I don't hate wolves, but when those wolves "trespass" onto private property, they should be treated as any other harmful intruder. If they harm any animals there, too bad for the wolves, it's trigger time if they cannot co-exist with those who own the land, and the animals they own that live, play, or hunt on that private land. The harmful intruders should be totally eradicated from that private land ASAP, by any means necessary - unless the landowner actually wants them there. Trust me... very few landowners want wolves roaming their property. What lives on public land, is up to the public that owns it. What lives on private land is up to the people that own it.
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Link Posted: 7/10/2012 1:47:44 PM EST
[Last Edit: 7/10/2012 1:56:21 PM EST by rfb45colt]
Originally Posted By BulletcatchR:
Originally Posted By dIIshoots:
Originally Posted By BulletcatchR:
Sometimes you eat the bear, and sometimes the bear eats you... poor dogs, it's not their fault, or the wolves fault that they died. I'd like to see the bear hunters get , out of their trucks, off their fat asses and chase the bears themselves.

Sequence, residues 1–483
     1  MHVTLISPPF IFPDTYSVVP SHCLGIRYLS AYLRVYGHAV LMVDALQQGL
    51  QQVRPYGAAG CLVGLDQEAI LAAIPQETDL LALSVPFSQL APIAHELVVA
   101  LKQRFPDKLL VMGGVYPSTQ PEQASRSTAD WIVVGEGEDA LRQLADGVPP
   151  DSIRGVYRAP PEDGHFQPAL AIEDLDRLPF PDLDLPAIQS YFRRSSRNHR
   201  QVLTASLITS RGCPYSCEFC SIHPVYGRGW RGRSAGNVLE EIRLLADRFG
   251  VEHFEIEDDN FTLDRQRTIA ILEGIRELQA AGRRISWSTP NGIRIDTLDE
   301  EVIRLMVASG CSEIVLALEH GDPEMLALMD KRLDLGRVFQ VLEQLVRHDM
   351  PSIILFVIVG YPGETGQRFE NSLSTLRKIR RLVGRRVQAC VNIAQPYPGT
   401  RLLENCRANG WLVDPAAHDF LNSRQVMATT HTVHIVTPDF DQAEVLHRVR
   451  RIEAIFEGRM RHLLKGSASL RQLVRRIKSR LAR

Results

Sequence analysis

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Ever tried hound hunting? Have any idea what it costs to raise and train a good pack of Plotts?



I used to own two mules, hunters/jumpers, never owned a hound but ran with some. I I'll amend my statement to "I'd like to see the bear hunters get out of their trucks and off their mules..."

I had land North of Tomahawk and remember when the first wolf tracks were starting to get seen. I doubt the sentiment towards the species has changed much.

IMO, it is a humans responsibility to take care of and preserve the life of their pets, when a human lets a dog off leash, THEY are responsible for the fate of their pet.C361
Stan


Exactly why any wolf I see on my property is an instant target. I'm protecting the fate of my pet, on or off a leash (my land - my choice), by eliminating any threats that may be on my land, ASAP. I'd be shirking my resonsibility to my pet to allow an animal that could kill & eat it to roam freely on my property.